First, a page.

As Webcredible points out that automated accessibility tools can save a large amount of time by checking the accessibility of a Website (e.g., images have alt text). But accessibility tools have problems associated with them. The study findings suggest how each accessibility tool interpreted the accessibility guidelines may have contributed to the different frequency of errors. For example, both tools found only Beaufort County Public Library free of accessibility problems. If both accessibility checking tools are checking only Section 508 accessibility guidelines for compliance, then both tools should have found the same errors when checking each Website.
This survey shows that 98% of the analyzed Websites failed to satisfy Section 508 guidelines suggesting there are improvements needed to the public libraries Website home pages to providing access for disabled user groups. This study is a first step in researching why so many South Carolina public libraries Websites remain inaccessible. This study maybe expanded state wide to cover public, academic and library association’s Website home pages. Another possible research project is to test and analyze each South Carolina school districts home pages to ensure accessibility. A future research topic could be testing and analyzing all South Carolina state government department home pages as a group for accessibility.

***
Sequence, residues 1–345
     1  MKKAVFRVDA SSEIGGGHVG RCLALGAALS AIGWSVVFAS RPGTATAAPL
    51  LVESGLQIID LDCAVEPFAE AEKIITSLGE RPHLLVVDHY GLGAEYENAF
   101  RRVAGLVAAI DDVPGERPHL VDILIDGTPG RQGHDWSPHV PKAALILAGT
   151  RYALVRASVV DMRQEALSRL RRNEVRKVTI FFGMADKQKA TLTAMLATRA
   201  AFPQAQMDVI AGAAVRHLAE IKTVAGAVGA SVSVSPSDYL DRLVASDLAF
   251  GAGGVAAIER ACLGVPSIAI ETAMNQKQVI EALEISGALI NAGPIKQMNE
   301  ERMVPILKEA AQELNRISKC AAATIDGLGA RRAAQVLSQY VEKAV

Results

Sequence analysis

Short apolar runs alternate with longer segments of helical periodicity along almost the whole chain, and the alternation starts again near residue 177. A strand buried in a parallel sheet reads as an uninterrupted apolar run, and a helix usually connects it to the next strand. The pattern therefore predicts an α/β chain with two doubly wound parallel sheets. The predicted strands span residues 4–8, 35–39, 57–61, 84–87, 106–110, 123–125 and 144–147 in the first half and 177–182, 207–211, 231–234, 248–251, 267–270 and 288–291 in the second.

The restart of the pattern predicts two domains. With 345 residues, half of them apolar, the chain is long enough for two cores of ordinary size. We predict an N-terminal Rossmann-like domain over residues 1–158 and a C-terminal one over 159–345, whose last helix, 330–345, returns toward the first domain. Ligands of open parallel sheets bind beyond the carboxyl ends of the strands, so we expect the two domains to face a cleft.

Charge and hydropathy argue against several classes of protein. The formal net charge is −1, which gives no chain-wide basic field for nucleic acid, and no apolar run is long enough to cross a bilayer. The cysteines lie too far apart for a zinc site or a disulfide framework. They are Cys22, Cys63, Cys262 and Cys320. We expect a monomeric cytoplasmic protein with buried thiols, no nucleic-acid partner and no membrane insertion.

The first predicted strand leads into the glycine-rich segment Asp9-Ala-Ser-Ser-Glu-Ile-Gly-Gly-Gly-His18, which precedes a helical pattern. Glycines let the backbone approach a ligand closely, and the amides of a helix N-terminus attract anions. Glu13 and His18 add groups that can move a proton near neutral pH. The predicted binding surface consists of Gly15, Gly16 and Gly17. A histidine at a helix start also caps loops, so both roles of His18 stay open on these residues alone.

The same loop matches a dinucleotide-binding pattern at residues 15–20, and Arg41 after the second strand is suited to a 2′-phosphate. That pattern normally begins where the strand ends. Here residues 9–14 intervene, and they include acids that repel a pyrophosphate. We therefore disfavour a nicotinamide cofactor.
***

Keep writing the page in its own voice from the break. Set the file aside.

The study findings support Brobst and Yannies’ research findings that some public library home pages are without accessibility errors. While other public libraries need to improve their evaluation process and remove all accessibility errors found on their home pages. An error free Website adds value to an individual’s experience using library resources. Brobst discussed the impact of library funding has on meeting the needs of their patrons especially individuals with disabilities. Yannies’ findings point out that suggest that some public library systems are not fully equipped to meet the needs of individuals with disabilities. Consequently, this finding is related to library funding.
The Internet and the World Wide Web are tremendous resources for all who can use them. It is a fact that certain segments of the population have a more difficult time accessing these resources than other segments. Accessibility simply means making resources usable by the largest number of people possible. This includes people with disabilities. In fact the issues faced by people with disabilities in accessing the Internet and World Wide Web are wide and diverse. The techniques used to make the Internet and World Wide Web accessible range from the simple to highly complex (International Center for Disability Resources on the Internet, 1998-2007).
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Leah was appointed Executive Director of the Charleston Conference in 2017, and has served in various roles with the Charleston Information Group, LLC, since 2004. Prior to working for the conference, she was Assistant Director of Graduate Admissions for the College of Charleston for four years. She lives in a small town near Columbia, SC, with her husband and two kids where they raise a menagerie of farm animals.